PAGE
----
Moreno tells her patients that it is OK to not drink. “Everyone is walking around with red Solo cups, but no one cares what is in the cup.” For those who chose to drink, she advises drinking the least amount possible, especially early in the year. “Watch what is happening around you and figure out who your friends are.”
Besides their own health care, students should know how to help a friend who is not safe, whether the friend is intoxicated or just struggling with major life changes. “Sometimes students are worried about getting into trouble,” says Richardson, so they don’t speak up for themselves.
Confidentiality rules related to health care under the Health Insurance Portability and Accountability Act (or HIPAA) have a number of practical implications once students turn 18 because parents have likely been the ones setting up appointments and scheduling tests until now. At age 18, students need to provide permission for care teams to discuss medical information with parents as well as university personnel. An unintended consequence of the law is that if a college student is doing poorly, no one may know, and some students can fall through the cracks. Richardson reminds patients that while parenting changes, it doesn’t end at the dorm door. “Parents should remain a resource for students.”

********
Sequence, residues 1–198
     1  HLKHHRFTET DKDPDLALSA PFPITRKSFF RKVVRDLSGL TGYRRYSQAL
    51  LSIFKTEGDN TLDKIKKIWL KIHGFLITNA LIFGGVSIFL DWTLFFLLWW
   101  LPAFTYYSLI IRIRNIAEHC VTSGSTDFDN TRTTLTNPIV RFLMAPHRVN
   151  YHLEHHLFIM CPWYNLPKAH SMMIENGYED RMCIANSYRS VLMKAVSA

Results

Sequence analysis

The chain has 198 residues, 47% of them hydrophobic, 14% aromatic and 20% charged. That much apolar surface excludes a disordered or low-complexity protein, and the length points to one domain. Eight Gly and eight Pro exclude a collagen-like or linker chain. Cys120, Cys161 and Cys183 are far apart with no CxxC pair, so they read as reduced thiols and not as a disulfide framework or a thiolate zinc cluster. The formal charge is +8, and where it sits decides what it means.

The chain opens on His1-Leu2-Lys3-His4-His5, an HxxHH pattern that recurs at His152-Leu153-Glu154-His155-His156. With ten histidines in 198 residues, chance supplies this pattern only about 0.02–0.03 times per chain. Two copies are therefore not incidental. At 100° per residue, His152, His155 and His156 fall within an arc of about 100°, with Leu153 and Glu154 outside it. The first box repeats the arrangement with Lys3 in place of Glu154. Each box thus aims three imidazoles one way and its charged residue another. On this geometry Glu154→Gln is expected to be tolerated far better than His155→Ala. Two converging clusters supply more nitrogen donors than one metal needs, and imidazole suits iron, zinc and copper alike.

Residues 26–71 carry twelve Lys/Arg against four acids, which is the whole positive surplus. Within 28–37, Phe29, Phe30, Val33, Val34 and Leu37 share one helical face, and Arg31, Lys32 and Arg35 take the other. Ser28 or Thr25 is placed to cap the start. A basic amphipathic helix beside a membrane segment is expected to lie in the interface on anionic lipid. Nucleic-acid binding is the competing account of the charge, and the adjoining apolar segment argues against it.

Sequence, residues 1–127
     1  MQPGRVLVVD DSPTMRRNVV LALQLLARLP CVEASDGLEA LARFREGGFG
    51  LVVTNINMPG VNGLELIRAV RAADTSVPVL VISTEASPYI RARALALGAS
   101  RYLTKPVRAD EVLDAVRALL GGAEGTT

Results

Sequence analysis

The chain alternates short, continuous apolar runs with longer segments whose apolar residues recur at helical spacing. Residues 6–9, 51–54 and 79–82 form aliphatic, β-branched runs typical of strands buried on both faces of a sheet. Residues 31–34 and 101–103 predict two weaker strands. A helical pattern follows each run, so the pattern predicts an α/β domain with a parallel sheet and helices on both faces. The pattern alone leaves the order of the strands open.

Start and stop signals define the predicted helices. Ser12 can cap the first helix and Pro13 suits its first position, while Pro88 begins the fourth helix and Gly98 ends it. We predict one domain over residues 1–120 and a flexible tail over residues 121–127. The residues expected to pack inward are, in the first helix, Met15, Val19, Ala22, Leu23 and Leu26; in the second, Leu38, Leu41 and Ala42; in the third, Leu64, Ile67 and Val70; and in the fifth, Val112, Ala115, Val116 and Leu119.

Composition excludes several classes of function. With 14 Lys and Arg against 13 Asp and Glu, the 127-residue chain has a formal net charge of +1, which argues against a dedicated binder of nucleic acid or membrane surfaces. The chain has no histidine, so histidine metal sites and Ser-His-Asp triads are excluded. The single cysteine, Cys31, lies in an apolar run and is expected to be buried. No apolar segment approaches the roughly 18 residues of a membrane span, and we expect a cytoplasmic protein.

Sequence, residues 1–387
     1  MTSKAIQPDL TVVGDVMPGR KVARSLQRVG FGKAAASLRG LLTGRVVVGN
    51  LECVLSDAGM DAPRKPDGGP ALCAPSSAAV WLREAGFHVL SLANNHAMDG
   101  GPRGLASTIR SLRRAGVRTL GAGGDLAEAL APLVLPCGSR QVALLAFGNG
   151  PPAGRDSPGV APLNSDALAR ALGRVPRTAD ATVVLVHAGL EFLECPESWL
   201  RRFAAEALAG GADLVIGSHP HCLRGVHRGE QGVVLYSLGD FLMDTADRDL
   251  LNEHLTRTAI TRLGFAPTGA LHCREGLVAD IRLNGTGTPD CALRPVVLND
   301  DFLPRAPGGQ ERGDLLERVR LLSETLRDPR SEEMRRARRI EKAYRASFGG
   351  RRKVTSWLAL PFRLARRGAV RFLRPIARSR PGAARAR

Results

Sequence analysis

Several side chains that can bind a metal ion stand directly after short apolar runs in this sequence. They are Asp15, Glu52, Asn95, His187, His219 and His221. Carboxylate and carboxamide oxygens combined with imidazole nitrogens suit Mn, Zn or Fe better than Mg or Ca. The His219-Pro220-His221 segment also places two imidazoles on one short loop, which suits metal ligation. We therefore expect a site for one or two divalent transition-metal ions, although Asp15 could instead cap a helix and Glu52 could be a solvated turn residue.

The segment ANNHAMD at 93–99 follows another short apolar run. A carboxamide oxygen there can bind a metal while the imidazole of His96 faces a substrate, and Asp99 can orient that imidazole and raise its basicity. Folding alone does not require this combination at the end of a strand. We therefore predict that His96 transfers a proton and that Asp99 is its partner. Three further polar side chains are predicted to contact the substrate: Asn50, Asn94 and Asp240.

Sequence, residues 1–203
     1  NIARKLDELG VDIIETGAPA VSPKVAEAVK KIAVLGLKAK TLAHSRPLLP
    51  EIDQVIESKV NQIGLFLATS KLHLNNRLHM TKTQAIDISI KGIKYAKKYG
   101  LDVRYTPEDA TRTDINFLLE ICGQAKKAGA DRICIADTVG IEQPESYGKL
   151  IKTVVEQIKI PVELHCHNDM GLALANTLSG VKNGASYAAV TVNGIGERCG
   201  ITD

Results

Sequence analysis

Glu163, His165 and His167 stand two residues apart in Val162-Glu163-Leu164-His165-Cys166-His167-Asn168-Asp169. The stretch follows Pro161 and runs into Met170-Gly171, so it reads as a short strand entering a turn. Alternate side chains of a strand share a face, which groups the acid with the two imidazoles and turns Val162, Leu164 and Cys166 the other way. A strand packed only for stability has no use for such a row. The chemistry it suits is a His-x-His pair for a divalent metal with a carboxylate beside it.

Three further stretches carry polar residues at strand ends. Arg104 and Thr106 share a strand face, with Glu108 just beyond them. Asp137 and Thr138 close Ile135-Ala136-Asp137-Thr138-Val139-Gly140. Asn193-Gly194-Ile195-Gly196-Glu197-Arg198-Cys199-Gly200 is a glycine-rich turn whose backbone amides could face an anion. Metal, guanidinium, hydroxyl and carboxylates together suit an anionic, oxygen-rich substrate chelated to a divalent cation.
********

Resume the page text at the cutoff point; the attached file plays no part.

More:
For many students, the most basic decision is whether to shift their primary care to the campus facility or maintain care at home. Moreno enjoys these conversations with her patients because it is one of the first times they have a say in their own health care. She lets her patients know it is OK to do both and emphasizes that “choosing campus care is not a rejection of our relationship.”
“Successful transition [of care] is a process, not a single event,” she adds.
Dr. Preeti N. Malani is the chief health officer and a professor of medicine at the University of Michigan in Ann Arbor. You can follow her on Twitter:@PreetiNMalani.